Individual institutions, corporations, and even governments do not have the capacity to solve global challenges by themselves. Developing STEM education enables countries to join the world STEM ecosystem, to contribute to the comprehensive solution each country needs to solve their shared problems, and achieve more sustainable solutions for the world. 

The Status of STEM Education in Asia

Currently, STEM education literature is dominated by works published mostly in the United States and Australia. Much less has been reported about how STEM education is understood, theorised, and studied in Asia (Teo, 2021). 

Developed nations across the globe are realising the significance of STEM learning for their children. They are considering early STEM education crucial for economic development, and expect it to be a prime factor in leading the global competition.

As many parts of Asia grow in affluence, and more developing economies join in the economic race to the top, education has been recognised as one of the key forces to ensure that there is a sufficient pool of human resources to drive and sustain growth. Investment in quality education has been increased to develop future generations of experts with integrated disciplinary knowledge and skills for “Mastering the Fourth Industrial Revolution” (theme of the 2015 World Economic Forum). 

More Asian economies are demonstrating outstanding performances in international benchmark tests such as PISA1ph and TIMSS2ph . Policy makers, scholars, teachers, and other educators are interested in learning more about why children in these economies are learning better, what are some enabling factors to promote positive educational outcomes, and how other economies can emulate some best practices from these economies.

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In this picture, Hong Kong seems to have been successful in navigating the space between STEM education, and the need for an industrial STEM workforce. 

In Malaysia, uncertainty is expressed as there is a lack of quantitative data to show if government policies and their implementation have met the needs of an evolving economy.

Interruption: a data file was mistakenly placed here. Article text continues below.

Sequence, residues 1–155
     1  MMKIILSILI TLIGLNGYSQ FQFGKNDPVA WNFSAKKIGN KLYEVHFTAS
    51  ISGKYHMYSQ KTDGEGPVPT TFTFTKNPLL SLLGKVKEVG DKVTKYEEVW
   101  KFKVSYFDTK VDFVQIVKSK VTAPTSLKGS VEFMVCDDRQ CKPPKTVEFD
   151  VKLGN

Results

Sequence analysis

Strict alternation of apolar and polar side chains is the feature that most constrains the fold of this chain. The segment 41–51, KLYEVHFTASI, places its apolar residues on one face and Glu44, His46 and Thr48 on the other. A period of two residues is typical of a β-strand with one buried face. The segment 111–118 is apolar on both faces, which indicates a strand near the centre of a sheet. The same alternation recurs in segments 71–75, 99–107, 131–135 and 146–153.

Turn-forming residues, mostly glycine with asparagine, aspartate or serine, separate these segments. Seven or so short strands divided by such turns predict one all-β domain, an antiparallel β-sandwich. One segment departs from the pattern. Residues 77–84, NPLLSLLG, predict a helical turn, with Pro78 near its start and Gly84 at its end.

Likewise, in Bhutan, outcomes from curriculum renewals are yet to show their full potential in supporting a modern economy in which technology is important (Teo, 2021).

South Korea is often cited as one of the most recent successful stories of economic development. In just 50 years, the nation transformed from a war torn, developing country into one of the wealthiest economies in Asia and the world, increasing its GDP per capita from $92 USD in 1961, to $26 thousand USD in 2013. The Korean government has concluded that the country’s competitiveness in science and technology has contributed to Korea’s achievement of a globally recognised higher status (The New York Academy of Sciences, nd). 

Conclusion

In this article, we have explained what STEM Education is. We also highlighted key benefits of STEM Education to children, in the short, middle and long term. We have then emphasised all the reasons why STEM Education is so important to every country and the world at large.

Are you a STEM teacher, STEM researcher, or STEM policy maker in Vietnam, India or Thailand? Share your stories below in the comment section. 

 

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Note

1ph PISA is the acronym for Programme for International Student Assessment, a worldwide study by the Organisation for Economic Co-operation and Development (OECD). In the PISA 2018 tests, children in Asian economies ranked the top four places in Mathematics and top three places in Science (Source: https://www.oecd.org/pisa/PISA- results_ENGLISH.png).

2ph TIMSS is the acronym for Trends in International Mathematics and Science Study is a large scale international study, conducted by the International Association for the Evaluation of Educational Achievement.

 

References

ILO (2021), An update on the youth labour market impact of the COVID-19 crisis

Schwab, K (nd), The Fourth Industrial Revolution 

Teo, TW, Tan, A.-L., & Teng, P. (2021), STEM Education from Asia : Trends and Perspectives, (1st ed.), Routledge, Taylor & Francis Corporation, https://doi.org/10.4324/9781003099888

New York Academy of Sciences, (nd), Global STEM paradox

Unicef ​​(2020), Data: Monitor the situation of children and women

World Bank (2020), Response to Covid-19 in Europe and Central Asia